Wednesday, April 29, 2015

Criminal Procedure Students Learn from Judge Vercillo

Last Thursday, Judge Vercillo visited the Criminal Procedure class to speak to students in the course.

During his visit, Judge Vercillo discussed the progression of his legal career from defense attorney to Judge. The Judge also explained the procedures in juvenile court, including sentencing (disposition), which the class had been studying, so it was a great experience for them to hear directly from someone involved in those procedures. It gave everyone a better idea of what actually occurs in courtrooms. 

Judge Vercillo explained the different terminology used in juvenile court as opposed to adult court. For example, a sentencing hearing is called a disposition in juvenile court.

He also spoke about the goals he has when determining what sentence to impose upon a juvenile delinquent, explaining that the juvenile system tries to rehabilitate, as well as punish, the kids in order to provide the best possible situation for their future.

The class enjoyed hearing from the Judge and learning all about the juvenile court system!

Tuesday, April 28, 2015

Criminal Justice Students Observe K-9 Unit Demonstration

The students enrolled in CJ 366 (Criminal Procedure) had the opportunity to go visit Ashland’s Police K-9 unit. This visit included dogs from not only Ashland Sheriff’s Department, but also various other surrounding police units.

The class got to see the dogs in action when they chased one of the police officers, who wore a K-9 bite suit and pretended to be a “bad guy.” The dogs were all very well trained, and the class got to experience the strict procedure the officers have to follow.

For example, before the dogs are released to chase the suspect, the police must warn the suspect the dogs will be coming. The police must also ensure the dogs are not barking while they are giving instructions to the suspect.

These procedures help to protect the suspect’s safety by giving them warning and making sure they hear all the instructions, and also protect the police officer against any potential lawsuit that may come against them.

The class also got to experience a narcotics dog finding illegal drugs that were intentionally hidden in a car. These dogs are great assets to the police units and this class got to witness how procedure plays a role in the handling of the dogs.

Professor Rogers, former Ashland County Prosecutor and current CJ Instructor at AU, spoke on the role of trained dogs in law enforcement. 

"In their criminal procedure class, students learned that trained dogs are used by law enforcement in several capacities. For example, students learned that a dog sniff conducted during a lawful traffic stop does not violate the 4th Amendment prohibition against unreasonable search and seizure and that an alert by a dog on a car, in and of itself, provides law enforcement with probable cause sufficient to justify the warrantless search of that vehicle.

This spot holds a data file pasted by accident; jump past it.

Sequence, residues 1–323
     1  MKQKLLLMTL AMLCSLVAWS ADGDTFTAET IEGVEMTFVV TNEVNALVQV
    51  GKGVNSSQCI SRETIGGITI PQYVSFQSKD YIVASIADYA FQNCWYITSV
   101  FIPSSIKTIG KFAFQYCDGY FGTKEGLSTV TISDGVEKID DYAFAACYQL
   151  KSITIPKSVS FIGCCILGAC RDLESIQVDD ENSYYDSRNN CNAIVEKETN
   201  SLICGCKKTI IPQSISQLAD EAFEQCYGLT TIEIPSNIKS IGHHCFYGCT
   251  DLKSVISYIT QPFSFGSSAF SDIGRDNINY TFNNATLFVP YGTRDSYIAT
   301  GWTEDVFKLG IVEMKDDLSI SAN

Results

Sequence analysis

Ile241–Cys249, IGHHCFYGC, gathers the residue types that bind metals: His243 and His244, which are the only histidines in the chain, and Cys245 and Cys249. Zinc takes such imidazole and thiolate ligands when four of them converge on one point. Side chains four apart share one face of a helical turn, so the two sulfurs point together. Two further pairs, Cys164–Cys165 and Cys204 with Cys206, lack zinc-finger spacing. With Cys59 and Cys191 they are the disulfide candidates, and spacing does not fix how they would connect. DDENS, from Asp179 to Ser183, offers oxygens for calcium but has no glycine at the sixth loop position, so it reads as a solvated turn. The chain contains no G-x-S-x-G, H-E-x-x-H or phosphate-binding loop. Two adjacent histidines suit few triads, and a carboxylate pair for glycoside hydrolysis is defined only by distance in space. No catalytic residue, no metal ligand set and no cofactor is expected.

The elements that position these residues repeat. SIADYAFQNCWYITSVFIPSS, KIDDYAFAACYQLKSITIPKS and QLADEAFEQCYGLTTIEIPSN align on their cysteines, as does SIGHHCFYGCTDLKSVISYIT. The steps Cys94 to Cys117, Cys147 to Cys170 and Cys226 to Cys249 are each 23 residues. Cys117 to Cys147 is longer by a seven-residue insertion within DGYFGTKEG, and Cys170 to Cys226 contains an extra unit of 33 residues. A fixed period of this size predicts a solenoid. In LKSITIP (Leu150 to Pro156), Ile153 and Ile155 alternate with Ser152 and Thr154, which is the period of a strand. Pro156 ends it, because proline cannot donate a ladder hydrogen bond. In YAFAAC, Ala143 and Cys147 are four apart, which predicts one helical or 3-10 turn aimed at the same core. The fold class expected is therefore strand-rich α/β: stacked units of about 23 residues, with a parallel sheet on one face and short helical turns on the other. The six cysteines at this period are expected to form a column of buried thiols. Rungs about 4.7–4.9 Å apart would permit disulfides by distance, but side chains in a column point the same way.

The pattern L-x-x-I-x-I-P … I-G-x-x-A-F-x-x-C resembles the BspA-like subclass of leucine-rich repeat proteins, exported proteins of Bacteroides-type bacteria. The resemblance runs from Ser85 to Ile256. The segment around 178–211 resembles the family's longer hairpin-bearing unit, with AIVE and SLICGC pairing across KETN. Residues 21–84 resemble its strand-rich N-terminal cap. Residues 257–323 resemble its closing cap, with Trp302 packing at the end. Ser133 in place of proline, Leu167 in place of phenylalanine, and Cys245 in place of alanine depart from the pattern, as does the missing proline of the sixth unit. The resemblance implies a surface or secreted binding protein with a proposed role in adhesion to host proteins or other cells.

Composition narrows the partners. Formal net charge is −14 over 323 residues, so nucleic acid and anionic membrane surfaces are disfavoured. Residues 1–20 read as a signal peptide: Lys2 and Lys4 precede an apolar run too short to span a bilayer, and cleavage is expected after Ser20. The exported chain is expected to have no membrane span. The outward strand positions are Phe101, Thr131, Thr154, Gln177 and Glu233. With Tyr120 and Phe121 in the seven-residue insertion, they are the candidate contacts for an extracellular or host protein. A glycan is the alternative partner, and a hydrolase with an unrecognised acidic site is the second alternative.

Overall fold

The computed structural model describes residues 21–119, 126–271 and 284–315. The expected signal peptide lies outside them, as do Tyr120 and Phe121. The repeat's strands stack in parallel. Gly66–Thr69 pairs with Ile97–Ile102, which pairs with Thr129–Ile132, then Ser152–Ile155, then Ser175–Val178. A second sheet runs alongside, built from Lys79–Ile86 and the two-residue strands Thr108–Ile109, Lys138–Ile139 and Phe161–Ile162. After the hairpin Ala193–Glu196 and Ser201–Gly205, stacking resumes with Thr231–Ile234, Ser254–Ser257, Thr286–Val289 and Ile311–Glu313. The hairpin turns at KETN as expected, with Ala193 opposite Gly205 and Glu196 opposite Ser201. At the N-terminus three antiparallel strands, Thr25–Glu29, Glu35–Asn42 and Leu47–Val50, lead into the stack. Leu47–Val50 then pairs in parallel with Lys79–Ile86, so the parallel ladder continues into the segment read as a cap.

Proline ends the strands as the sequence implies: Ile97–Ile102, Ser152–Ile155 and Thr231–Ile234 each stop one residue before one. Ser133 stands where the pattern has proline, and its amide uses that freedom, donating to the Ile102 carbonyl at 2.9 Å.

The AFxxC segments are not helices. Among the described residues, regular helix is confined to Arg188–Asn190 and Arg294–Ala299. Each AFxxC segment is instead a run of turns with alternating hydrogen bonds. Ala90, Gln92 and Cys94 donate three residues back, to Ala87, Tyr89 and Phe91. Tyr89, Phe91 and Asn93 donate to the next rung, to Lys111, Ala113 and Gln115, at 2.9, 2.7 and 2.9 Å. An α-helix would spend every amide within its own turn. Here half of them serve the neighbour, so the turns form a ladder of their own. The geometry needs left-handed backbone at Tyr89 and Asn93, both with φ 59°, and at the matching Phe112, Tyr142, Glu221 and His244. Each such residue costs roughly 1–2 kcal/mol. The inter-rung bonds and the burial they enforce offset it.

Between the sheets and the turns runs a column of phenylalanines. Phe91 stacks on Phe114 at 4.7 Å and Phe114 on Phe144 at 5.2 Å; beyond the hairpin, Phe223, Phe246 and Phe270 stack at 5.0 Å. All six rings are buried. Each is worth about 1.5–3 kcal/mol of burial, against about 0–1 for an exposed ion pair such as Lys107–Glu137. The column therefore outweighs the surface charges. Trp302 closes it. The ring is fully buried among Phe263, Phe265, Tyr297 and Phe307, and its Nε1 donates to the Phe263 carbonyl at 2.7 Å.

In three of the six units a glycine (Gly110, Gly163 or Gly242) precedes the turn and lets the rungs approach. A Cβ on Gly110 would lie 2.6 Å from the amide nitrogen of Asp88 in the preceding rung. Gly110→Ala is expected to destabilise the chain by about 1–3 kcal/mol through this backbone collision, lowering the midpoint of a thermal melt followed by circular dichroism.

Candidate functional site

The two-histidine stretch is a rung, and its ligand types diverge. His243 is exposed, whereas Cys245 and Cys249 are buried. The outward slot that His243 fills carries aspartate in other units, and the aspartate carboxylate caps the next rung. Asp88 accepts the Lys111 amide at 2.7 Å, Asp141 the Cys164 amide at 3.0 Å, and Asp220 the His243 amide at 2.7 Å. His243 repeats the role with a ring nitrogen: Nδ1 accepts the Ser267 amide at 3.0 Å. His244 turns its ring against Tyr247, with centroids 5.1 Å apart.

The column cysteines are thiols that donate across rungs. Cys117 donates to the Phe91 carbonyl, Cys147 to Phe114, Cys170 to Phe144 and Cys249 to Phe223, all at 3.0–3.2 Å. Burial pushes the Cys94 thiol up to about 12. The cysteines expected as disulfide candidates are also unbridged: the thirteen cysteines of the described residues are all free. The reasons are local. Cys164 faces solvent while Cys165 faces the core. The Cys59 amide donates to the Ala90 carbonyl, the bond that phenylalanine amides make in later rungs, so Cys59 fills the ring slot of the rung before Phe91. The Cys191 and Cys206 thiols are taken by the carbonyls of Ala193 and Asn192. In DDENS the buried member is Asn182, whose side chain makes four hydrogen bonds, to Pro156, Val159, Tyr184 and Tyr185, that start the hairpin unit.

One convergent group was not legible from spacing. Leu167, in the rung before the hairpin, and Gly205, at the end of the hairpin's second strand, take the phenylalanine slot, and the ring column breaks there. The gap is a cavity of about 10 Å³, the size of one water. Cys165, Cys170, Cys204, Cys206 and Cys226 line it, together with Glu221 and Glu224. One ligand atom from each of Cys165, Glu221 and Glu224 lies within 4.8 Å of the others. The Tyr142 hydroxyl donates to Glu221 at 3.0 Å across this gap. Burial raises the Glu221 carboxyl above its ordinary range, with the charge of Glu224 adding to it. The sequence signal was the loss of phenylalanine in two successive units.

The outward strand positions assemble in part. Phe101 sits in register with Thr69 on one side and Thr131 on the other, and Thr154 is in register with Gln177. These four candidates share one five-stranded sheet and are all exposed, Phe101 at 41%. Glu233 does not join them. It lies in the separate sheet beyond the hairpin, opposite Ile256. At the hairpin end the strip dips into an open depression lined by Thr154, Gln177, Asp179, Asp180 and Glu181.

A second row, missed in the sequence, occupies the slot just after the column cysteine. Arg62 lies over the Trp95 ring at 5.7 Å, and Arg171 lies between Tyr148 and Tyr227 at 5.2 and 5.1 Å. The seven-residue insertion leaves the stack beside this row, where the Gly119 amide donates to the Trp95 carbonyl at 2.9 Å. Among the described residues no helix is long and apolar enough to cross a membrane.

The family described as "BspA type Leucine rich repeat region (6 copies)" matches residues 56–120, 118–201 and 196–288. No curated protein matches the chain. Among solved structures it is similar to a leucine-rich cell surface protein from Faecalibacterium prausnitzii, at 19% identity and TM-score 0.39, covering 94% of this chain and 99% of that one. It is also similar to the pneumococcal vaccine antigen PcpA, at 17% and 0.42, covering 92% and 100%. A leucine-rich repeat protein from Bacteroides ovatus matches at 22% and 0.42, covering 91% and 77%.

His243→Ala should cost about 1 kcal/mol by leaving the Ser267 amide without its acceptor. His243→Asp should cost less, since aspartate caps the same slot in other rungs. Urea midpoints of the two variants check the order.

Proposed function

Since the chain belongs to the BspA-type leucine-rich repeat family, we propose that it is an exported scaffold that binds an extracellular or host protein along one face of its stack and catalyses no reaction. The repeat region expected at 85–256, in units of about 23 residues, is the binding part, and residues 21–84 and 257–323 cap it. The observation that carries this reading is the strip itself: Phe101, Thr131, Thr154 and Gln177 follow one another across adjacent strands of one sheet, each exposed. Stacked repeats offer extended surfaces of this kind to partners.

While on the field trip, students witnessed a dog alert in the very manner that would provide probable cause for such a search. Students in CJ 366 also learned about the legality of the use of a trained dog to sniff luggage and containers to detect contraband at airports. 
In our class, use of force in arrests was also a topic of study. Police dogs are used to assist in certain arrests and when  properly trained and dispatched after a suspect, the use of the dog constitutes an example of law enforcement using reasonable, nondeadly force to effectuate an arrest. However, after our visit at Ashland Police Department, seeing the speed, strength and focus of the dogs holding training personnel immobile until told otherwise, students could also envision that a poorly trained canine or a canine sent in pursuit of a suspect with improper instructions could result in an allegation that law enforcement used unreasonable, deadly force or punitive force, which were all topics studied by CJ 366 scholars in criminal procedure."

Wednesday, April 22, 2015

Criminal Justice Students Receive Outstanding Student Distinction

Each year, departments across campus choose one of their students at the sophomore, junior and senior levels to receive the distinction of Outstanding Student.

Criteria for earning this award include scholarly achievement, acting as an academic role model for other students within the department, and possession of an inquiring and/or creative mind.

On Sunday, three Criminal Justice students were recognized for their outstanding achievement: 

    Megan Maguire, Sophomore Criminal Justice Major
    Melissa Smith, Junior Criminal Justice and Psychology Major

    Gelsaira Ortiz, Senior Criminal Justice Major

Congratulations, Outstanding Criminal Justice Students!
Outstanding Junior,        Outstanding                   Outstanding Senior,
Melissa Smith                Sophomore,                   Gelsaira Ortiz         
Megan Maguire